General Motors is quite optimistic about its U.S. performance in 2017 for three primary reasons: a steady and strong economy, continuous operating discipline, as well as the fact that four of its brands are dramatically expanding their product offerings in fast-growing crossover segments. The items were pointed out during the GM January 2017 sales call.
Steady And Strong Economy
Thanks to a steady and strong U.S. economy, GM expects industry sales to remain at or near record levels. Due to these factors, the automaker expects that it will garner higher retail sales and market share on a year-over-year basis.
GM expects deliveries to daily rental companies to decline as a percentage of total sales for the third year in a row. In addition, The General will continue to match production with customer demand. Previously-announced plans to reduce passenger car production at plants in Lordstown, Ohio and Lansing, Michigan were implemented at the end of January. This kind of operating discipline, which was established by the “New GM” after the 2009 bankruptcy of the “Old GM” that didn’t excel at matching vehicle demand with supply, will help drive continued improvements in the health of GM’s brands and vehicle resale values.
The results can already be seen with the following notable accomplishments: in January, IHS Markit announced that GM had the highest overall loyalty to a manufacturer for the second year in a row. In addition, Kelley Blue Book gave seven Chevrolet and GMC vehicles awards for outstanding resale value, which is more than any other manufacturer. In 2016, GM’s was the industry’s fastest-growing full-line automaker on a retail sales basis, and Chevrolet has been the fastest-growing full-line brand for two consecutive years on a retail basis. In fact, Chevrolet grew retail market share in 2015-2016 by almost one full percentage point, which translates to more than 120,000 incremental sales.
“Our go-to-market strategy in 2017 is the same as 2016,” said Kurt McNeil, U.S. vice president of Sales OperationsMcNeil said. “We are focused on strengthening our brands, growing retail sales and share, reducing daily rental deliveries and maintaining our operating discipline.”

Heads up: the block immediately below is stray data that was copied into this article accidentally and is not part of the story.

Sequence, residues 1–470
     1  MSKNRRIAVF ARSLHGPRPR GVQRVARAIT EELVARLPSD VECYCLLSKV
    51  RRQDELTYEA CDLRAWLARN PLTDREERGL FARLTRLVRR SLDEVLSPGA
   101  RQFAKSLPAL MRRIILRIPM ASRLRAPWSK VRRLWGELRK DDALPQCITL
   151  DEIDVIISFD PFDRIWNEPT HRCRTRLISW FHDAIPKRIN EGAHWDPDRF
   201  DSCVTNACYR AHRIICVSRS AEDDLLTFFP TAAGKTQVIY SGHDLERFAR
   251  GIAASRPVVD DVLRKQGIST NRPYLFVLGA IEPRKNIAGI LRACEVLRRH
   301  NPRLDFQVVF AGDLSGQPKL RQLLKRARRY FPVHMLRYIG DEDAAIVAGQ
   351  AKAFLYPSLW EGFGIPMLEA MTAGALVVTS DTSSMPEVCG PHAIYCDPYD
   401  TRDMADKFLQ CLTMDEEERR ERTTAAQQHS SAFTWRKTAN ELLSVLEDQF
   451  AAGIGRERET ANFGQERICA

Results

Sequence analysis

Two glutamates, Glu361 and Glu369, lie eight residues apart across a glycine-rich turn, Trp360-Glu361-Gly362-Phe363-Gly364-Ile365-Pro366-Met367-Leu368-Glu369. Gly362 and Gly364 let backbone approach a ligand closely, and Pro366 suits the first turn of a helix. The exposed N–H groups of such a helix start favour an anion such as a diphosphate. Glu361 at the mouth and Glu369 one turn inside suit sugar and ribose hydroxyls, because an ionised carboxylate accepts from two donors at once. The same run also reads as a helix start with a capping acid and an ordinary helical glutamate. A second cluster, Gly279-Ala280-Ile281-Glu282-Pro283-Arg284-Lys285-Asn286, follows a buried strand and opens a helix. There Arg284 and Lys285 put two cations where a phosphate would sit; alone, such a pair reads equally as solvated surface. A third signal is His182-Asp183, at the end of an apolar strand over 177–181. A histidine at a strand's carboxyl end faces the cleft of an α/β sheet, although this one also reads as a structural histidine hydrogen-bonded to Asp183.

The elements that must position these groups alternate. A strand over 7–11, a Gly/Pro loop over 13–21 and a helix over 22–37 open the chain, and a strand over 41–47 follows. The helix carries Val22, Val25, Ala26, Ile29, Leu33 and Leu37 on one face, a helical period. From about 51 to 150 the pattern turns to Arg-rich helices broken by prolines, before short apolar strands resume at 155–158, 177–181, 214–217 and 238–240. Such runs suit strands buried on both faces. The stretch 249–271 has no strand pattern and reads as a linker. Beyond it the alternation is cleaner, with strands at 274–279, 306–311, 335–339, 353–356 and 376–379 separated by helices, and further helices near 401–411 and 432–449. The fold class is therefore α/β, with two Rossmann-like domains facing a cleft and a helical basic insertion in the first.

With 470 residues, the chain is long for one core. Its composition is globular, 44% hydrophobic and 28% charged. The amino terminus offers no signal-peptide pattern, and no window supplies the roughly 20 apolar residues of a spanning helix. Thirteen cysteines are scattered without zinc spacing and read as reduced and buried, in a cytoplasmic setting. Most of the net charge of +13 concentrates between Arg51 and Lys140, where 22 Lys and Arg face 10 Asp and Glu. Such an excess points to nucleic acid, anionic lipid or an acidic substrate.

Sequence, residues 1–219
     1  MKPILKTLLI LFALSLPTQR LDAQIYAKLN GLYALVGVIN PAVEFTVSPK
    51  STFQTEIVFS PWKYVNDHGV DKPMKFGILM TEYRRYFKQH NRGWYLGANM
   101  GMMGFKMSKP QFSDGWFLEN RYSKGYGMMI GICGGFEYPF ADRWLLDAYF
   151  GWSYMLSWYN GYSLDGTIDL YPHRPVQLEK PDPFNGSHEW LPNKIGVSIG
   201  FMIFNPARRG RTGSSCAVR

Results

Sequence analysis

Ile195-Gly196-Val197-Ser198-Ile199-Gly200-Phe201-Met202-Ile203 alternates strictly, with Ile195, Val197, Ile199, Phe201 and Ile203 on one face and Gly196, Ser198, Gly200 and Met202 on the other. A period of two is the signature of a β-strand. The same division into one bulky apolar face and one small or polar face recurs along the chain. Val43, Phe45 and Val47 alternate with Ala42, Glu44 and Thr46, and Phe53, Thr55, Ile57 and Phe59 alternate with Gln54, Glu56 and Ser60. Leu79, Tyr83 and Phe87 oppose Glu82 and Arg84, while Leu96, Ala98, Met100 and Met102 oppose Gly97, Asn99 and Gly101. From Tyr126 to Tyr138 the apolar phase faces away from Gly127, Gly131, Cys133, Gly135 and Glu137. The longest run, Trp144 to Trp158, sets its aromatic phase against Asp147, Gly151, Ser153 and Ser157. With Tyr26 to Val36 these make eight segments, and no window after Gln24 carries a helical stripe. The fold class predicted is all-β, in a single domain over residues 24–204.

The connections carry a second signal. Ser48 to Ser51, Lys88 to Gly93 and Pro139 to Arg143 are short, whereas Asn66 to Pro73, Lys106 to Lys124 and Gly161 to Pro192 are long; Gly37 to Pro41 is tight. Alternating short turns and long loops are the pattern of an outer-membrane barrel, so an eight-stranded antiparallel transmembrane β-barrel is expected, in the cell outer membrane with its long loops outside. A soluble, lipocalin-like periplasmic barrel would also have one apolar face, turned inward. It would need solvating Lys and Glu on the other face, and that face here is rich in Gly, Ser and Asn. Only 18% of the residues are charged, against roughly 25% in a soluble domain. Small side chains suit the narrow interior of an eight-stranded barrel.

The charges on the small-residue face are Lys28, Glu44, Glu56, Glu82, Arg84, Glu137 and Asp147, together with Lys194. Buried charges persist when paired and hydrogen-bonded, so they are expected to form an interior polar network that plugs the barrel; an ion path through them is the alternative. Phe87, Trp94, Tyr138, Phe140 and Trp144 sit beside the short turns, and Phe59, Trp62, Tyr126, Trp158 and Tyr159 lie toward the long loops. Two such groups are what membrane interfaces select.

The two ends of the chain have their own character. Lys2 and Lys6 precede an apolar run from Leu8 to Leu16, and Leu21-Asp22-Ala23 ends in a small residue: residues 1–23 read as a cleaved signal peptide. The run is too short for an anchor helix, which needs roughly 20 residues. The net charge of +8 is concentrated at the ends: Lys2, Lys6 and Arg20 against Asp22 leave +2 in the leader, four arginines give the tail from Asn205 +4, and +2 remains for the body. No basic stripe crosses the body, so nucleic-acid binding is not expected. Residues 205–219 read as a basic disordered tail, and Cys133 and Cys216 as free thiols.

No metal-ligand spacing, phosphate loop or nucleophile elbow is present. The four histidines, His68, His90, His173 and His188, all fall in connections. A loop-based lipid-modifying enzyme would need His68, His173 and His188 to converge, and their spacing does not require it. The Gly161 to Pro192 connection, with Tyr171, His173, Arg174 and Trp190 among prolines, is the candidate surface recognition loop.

Expanding Crossover Portfolio
GM’s ten all-new or recently-redesigned crossovers are expected to drive 2017 sales results. These include two new compact models — the new Chevy Equinox and GMC Terrain — that will compete in the industry’s largest segment.
GM’s crossover efforts by brand for the 2017 calendar year include:
- Chevrolet will have the industry’s broadest and freshest lineup of utility vehicles, starting with the 238-mile range Chevy Bolt EV, all-new 2018 Chevy Equinox, which will arrive in showrooms in the first quarter of the year, as well as the all-new 2018 Chevy Traverse, which arrives this summer.
- At Buick, crossovers are expected to account for as much as 75 percent of retail deliveries, up from 66 percent in 2016, driven by the Encore, Envision and Enclave.
- GMC, which has the highest average transaction prices of any non-luxury brand, will launch the all-new 2018 GMC Terrain in late summer. It will complement the redesigned GMC Acadia, which went on sale in late summer 2016.
- Cadillac will benefit from a full year of production of the new Cadillac XT5 crossover, which is now the second best-selling vehicle in its segment. The onslaught of new Cadillac crossovers, however, will not arrive for 2017, but will instead begin to arrive in calendar year 2018.
General Motors saw cumulative sales decrease 3.8 percent to 195,909 new vehicles in January 2017. Retail sales decreased 4.9 percent or 8,045 vehicles to 163,055 units, accounting for 79.1 percent of total sales, while Average Transaction Prices rose $1,200 per unit to $34,500, therein setting a new January record.